“The economies of emerging nations like China and India are growing rapidly,” said an official from a local company. “Next year’s business plan will focus much on expanding ties with developing nations where business opportunities remain yet untouched.”
Local automakers, retailers and electronics firms have been eyeing China as well as Southeast Asian countries for further growth in their businesses. Businesses have been urging the government to speed up the progress in signing a free trade deal with China, now that Korea’s National Assembly have passed the Korea-U.S. FTA bill.
Korean companies have been struggling to enter the Chinese market as the Chinese government imposes strict regulations on foreign companies and there are also high barriers in terms of tariffs.
“Trade pacts are part of Korea’s competitiveness strategy - in conjunction with broader domestic economic reforms - to keep pace with China and other major trading nations,” said Jeffrey Schott, senior fellow at the Peterson Institute for International Economics. He spoke at a conference hosted by the Korea International Trade Association in September.
Having more FTA partners would help Korea, which is highly vulnerable to external risks, remain more stable in times of economic crisis and to maintain its economic growth. Recently, the Organization for Economic Cooperation and Development lowered Korea’s growth forecast to 3.7 percent for this year and 3.8 percent for the following year from the previous 4.6 percent and 4.5 percent, which can also affect Korea’s trade volume in the following year.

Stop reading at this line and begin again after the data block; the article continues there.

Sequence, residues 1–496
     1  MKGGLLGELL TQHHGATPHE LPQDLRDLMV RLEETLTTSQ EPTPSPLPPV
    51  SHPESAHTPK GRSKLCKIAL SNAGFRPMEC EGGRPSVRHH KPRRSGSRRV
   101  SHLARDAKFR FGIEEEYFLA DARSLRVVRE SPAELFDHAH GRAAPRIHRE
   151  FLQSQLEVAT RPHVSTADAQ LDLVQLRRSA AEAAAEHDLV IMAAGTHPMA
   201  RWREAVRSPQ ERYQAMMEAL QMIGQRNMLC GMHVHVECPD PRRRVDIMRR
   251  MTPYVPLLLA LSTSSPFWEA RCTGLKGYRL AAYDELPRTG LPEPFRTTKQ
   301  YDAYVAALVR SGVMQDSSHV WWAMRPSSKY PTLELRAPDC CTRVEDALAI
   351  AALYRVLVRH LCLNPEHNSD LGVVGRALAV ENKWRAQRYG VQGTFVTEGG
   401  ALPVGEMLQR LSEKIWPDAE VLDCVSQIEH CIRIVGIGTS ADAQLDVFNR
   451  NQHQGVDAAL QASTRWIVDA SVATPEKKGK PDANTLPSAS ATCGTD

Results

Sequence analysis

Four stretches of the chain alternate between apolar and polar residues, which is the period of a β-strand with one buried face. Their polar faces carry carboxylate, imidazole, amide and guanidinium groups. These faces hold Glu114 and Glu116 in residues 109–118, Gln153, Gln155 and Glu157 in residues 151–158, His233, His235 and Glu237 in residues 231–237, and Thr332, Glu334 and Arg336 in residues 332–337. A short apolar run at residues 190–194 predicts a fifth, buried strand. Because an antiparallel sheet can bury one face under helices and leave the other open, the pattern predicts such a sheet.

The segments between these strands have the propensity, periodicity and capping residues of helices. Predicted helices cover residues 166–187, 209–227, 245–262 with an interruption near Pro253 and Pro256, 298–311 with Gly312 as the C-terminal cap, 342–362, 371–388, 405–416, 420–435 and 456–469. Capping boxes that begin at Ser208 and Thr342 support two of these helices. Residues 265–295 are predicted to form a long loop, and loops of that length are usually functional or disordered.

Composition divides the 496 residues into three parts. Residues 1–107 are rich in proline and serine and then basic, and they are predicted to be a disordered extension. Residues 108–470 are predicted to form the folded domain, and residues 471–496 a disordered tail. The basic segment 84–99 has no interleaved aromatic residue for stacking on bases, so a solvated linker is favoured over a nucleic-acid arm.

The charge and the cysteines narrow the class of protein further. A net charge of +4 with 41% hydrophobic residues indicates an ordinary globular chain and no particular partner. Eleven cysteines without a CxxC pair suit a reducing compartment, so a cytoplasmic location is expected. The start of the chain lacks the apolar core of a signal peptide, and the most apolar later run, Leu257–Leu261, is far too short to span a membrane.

The geopolitical risk involving North Korea is another factor that could trigger Korea’s trade to drop.
To prevent Korea from facing a shrinking trade volume, the Korea Trade-Investment Promotion Agency said in a recent report that “creating new areas of comparative advantage in high-tech industries” is crucial for the country to maintain its robust exports and imports as well as “balancing growth between manufacturing exports and services exports.” Until now, Korea’s exports have been highly manufacturing-based.
“Paying more attention to India, Latin America, the Middle East, and Africa would also help,” said Bark Tae-ho, professor of international commerce at Seoul National University’s Graduate School of International Studies.
As for now, the Korean government remains certain that its trade will grow also next year.
“It is hard to predict how much it will increase because of the continued impact from the global financial crisis,” Lee from the Ministry of Knowledge Economy’s trade policy division said. “But we certainly expect them to grow from the same period last year.”
In the meantime, joining the $1 trillion club means more responsibility.
“With Korea’s status as a trillion dollar trading country, it has a huge stake in strengthening an open global trading system,” said Jeffrey Shafer, consultant and former vice chairman of Citi’s Global Banking and senior Asia Pacific officer.
He noted three things for Korea to focus on: conveying the lessons of Korea’s history to others, setting a good example in its own policies and leading discussions among countries.
By Lee Eun-joo [email@example.com]